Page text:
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January 17, 1997     Cape Gazette
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January 17, 1997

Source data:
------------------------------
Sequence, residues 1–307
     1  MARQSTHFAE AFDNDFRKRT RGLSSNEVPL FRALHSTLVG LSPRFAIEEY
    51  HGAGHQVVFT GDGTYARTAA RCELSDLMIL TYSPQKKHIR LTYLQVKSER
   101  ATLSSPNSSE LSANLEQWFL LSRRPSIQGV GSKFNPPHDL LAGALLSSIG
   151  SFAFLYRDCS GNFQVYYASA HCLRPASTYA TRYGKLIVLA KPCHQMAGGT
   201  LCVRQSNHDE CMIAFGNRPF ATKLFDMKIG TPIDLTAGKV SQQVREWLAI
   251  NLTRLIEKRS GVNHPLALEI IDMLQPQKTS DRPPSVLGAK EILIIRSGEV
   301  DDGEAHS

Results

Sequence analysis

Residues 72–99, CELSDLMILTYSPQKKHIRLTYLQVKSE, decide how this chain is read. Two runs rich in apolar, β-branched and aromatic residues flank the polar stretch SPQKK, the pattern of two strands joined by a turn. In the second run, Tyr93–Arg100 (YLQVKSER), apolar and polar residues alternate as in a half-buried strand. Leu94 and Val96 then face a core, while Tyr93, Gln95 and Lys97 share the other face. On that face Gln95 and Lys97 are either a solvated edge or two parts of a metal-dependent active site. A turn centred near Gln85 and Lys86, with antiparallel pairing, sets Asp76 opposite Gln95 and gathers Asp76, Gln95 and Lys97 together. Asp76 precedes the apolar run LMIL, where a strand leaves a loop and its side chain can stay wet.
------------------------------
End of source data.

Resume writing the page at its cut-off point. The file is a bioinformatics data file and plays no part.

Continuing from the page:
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to ways to Delaware's Cape Region Friday, Jan. 17 - Thursday, Jan. 23, 1997 Volume 4, No. 35 Cape School Board looks to convert seats to at-large By Kerry Kester The Cape Henl0pen School District Board Of Education may consider the option of changing the school board election zones from specific areas to all at-large seats. The board's decision to explore re-draw- ing lines or changing the system to all at- large seats is in response to Rehoboth Ele- mentary School parent concern that the Area D seat geographical boundaries are too Rehoboth eyeing offer from state to remove shipwreck from beach By Dennis Forney Rehoboth Beach Mayor Sam Cooper said this week that he and the city's commission- ers want to hear more about a proposal to remove the remains of two ships from 300 feet of beach at the foot of Brooklyn Avenue. John Hughes, director of the state's Divi- sion of Soil and Water Conservation, which looks out for Delaware's beaches, said his division has offered to take a serious look at removing the remains. Involved are the wooden ribs of the barge Merrimac which went ashore in 1918, and the metal remains of the ill-fated coal carrier Thomas Tracy. The Tracy, enroute from Philadelphia to New York, was driven ashore by a hurri- cane on Sept. 14, 1944. "We could give back to Rehoboth an entire block of beach by cleaning up the Continued on page 11 restrictive. According to Clare McDonald, president of the Rehoboth Beach Parent Teacher Association (PTA), the boundaries are so restrictive that they do not allow the majori- ty of parents whose children attend the school to run for a school board seat and represent the area. At the December board meeting, McDon- ald said 92 percent of the families whose children attend the Rehoboth Beach schools do not live within the Area D boundaries. Her statistics indicate that the candidate pool includes only 160 people. That low number poses the danger that because the pool is so small, it is conceiv- able that no one would come forward to run, she said. "A lot has changed since these boundaries were decided," said McDonald. Another PTA board member, Camilla Conlon, said it was her understanding that most districts in the state have all at-large seats. "The board may want to look at hav- ing seven members at-large," she said, not- ing that the attendance areas are not in sync with the voting districts. Board member Barry Porter staunchly supported a change. "I think we ought to pursue it," he said. "I think it's our job to Continued on page 10 This photograph, taken in mid September, 1944, shows the empty coal carrier THOMAS TRACY high and dry on the beach at the end of Brooklyn Avenue in Rehoboth Beach. Cape Gazette photographer Angie Moon hand-colored the black and white photograph to add a contemporary feel to the event. The Center for the Inland Bays hopes to lease a 150 acre.piece of land from Sussex County. Here, Dr. Kent Price, the chairman, and Dr. Bruce Richards, executive director, are shown at the proposed lease site. By Michael Short The Center for the Inland Bays may have found a home. The Center will begin negotiations with the county for the use of a 150 acre tract of land off Cedar NeckRoad near Bethany Beach. The Center does not want to pur- chase the property and it will remain in county hands,but the group is asking to be able to use the property. Mary Lighthipe donated the land to Sus- sex County in 1992, but with severe restric- tions. The land, a mix of marshland, open pasture and deep woods with two sandy stretches of beach, is not to be developed for commercial or residential uses. Lighthipe said the land must be used for environmental or agricultural studies, for parks and recreation or to protect wild habi- tat. That creates a win-win situation, accord- ing to Dr. Bruce Richards, executive direc- tor of the Center. "It is beautiful," said Dr. Kent Price, the chairman of the Center Board of Directors. Price and Richards told Sussex County on Jan. 14 that the land, best known as the James Farm, could be used for hiking, bird- watching, canoeing, educational programs for school children, demonstration projects for agriculture, habitat restoration and nature trails. The Center for the Inland Bays, despite its name, is not a location. It is a group charged with safeguarding the inland bays. The Board of Directors for the Center for the Inland Bays, which includes County Administator Bob Stickels and Secretary of Agriculture Jack Tarburton, oversees the implementation of a comprehensive man- agement or CCMP plan for Delaware's inland bays. But the Center has no home and Price and Richards said having a facility would be a major boost for the Center. Richards compared a possible facility to the Delaware Nature Society's Ashland Center in Heckessin. Tuesday's agreement means that the Board of Directors for the Center for the Inland Bays can begin negoti- ating a lease with Sussex County. The Board of Directors will consider the issue when it next meets on Jan. 24. But the site seems a natural for a facility to locate and no one on County Council objected to the idea. "I like the whole thing," said Continued on page 13 The Center for Inland Bays may have found a home